On the 28th November 1882 Messrs E. Mahoney and Son, Architects of Auckland, invited tenders for the erection of a two-storied hotel and other buildings at Tauwhare. This was a week before the Auction of town sections and farmlets.  The hotel was built by the Waikato Land Association. Because of its height and the absence of trees in the vicinity, it was visible for many miles, and was described as being "conveniently placed on the main coach road to Thames from Cambridge and Hamilton". It was opened in November 1883, with a licence to sell liquor, but it was not long before some residents began to object to having a licensed hotel in their midst. They had formed a branch of the Band of Hope, a temperance body, with Mr James Graham as President, Miss Walworth as Secretary, and a Committee of Messrs James Shaw, Thomas Shaw, Charles Shaw, James Innes, Sam Tickelpenny. After only two years the licence was allowed to lapse and for three months the hotel was without a tenant.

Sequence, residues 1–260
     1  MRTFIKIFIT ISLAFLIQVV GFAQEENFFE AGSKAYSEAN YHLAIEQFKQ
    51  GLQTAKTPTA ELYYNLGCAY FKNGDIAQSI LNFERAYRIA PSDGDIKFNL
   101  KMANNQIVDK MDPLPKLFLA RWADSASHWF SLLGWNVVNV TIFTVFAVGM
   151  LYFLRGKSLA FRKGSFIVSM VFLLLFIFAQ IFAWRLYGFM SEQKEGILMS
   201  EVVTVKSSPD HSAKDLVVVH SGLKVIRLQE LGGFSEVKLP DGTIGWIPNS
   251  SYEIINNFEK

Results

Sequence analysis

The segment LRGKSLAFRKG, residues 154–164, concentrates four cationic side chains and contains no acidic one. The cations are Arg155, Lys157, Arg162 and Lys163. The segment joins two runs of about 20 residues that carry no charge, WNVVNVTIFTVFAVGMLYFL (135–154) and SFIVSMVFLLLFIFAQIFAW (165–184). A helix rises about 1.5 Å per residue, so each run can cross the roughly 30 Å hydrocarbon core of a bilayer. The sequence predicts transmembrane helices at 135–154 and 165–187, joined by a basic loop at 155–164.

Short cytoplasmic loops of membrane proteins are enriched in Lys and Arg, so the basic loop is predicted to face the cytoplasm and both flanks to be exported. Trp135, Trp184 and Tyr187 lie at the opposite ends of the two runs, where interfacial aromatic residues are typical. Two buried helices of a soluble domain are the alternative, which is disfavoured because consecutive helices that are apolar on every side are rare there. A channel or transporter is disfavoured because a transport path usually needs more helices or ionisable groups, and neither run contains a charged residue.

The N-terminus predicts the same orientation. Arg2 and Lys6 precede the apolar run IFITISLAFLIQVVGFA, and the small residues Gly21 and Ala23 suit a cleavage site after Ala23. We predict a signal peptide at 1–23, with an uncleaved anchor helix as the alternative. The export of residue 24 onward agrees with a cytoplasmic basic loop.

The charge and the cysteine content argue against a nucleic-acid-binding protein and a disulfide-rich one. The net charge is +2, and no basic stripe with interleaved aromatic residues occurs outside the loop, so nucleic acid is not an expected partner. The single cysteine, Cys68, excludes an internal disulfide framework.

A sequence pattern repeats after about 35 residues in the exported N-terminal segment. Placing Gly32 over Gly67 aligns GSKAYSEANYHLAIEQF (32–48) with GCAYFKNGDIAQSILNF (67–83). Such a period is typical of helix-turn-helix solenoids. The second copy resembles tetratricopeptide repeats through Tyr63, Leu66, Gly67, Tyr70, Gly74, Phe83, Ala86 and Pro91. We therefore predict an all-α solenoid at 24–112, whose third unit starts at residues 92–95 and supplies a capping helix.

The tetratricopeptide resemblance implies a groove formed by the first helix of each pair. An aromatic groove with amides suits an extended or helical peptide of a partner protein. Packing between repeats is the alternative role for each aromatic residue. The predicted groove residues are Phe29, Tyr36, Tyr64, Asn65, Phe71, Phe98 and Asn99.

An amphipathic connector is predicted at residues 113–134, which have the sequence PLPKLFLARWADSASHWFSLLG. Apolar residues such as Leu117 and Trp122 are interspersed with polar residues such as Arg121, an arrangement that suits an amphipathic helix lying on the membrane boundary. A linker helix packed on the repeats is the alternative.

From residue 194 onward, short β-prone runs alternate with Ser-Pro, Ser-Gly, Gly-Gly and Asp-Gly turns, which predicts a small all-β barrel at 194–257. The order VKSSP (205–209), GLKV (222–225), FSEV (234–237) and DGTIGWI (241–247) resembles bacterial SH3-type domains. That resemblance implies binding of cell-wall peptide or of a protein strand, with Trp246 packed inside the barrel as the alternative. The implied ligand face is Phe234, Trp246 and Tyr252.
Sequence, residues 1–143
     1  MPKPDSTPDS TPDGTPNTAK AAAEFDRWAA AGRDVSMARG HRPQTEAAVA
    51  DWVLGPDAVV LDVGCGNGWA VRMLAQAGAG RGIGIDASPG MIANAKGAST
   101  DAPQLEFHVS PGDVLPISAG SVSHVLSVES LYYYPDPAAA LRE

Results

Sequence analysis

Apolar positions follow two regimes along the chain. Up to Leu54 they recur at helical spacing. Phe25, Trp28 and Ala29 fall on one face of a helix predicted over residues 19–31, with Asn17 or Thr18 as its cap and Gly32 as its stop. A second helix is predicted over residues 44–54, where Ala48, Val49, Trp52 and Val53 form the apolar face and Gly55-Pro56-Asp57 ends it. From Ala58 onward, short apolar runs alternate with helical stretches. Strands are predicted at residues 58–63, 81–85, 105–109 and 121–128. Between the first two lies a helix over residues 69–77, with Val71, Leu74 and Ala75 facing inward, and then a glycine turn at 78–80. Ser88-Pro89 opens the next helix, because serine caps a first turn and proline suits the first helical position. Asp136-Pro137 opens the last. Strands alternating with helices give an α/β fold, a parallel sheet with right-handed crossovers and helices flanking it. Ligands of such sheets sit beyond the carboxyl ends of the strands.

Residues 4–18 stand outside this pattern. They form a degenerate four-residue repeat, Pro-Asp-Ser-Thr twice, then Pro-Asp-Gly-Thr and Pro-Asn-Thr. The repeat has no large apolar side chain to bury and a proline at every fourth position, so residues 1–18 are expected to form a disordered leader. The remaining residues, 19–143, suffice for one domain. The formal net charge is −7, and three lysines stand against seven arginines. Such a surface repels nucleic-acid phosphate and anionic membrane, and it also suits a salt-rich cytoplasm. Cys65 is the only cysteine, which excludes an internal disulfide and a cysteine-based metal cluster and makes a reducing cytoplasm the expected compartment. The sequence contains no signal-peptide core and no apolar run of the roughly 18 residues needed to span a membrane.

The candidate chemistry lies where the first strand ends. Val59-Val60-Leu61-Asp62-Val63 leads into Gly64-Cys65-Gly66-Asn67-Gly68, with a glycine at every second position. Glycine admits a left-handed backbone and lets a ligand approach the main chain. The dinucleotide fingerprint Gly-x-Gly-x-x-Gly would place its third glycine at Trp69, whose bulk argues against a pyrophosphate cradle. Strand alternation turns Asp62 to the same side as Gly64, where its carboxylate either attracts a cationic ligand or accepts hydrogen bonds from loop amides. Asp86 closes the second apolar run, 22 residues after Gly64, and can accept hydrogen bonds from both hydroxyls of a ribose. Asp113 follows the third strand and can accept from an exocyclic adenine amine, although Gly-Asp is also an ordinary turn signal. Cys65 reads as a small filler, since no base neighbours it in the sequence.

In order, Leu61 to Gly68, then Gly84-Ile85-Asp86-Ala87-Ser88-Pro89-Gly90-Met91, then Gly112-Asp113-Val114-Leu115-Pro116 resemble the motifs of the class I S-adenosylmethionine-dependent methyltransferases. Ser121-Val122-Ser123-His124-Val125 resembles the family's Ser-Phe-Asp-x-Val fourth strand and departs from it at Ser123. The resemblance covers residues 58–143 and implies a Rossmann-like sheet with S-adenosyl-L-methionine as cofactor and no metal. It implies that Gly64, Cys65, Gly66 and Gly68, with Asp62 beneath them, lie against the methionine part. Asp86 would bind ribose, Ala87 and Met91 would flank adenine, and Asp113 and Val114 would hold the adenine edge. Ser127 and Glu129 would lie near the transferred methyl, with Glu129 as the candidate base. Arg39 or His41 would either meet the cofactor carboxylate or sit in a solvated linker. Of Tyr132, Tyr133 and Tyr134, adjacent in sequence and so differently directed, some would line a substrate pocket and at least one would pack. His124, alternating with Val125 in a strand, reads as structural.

In January 1886 the Walworth family took over the hotel and renamed it the Tauwhare Temperance Hotel. As well as meals and beds for travellers a general store was run in conjunction with the hotel for many years, and the storekeeper - innkeeper was often the postmaster as well.
In 1932 when Mr Oscar Koed, a Dane, had the accommodation house, it was considered that the top storey made the building unstable and so it was removed. Possibly the Napier earthquake the year before raised doubts about the buildings stability. With the upper floor bedrooms gone, the accommodation house closed after serving the travelling public for nearly 50 years. The ground floor dining room became part of the store.

Tauwhare Centennial History 1884-1984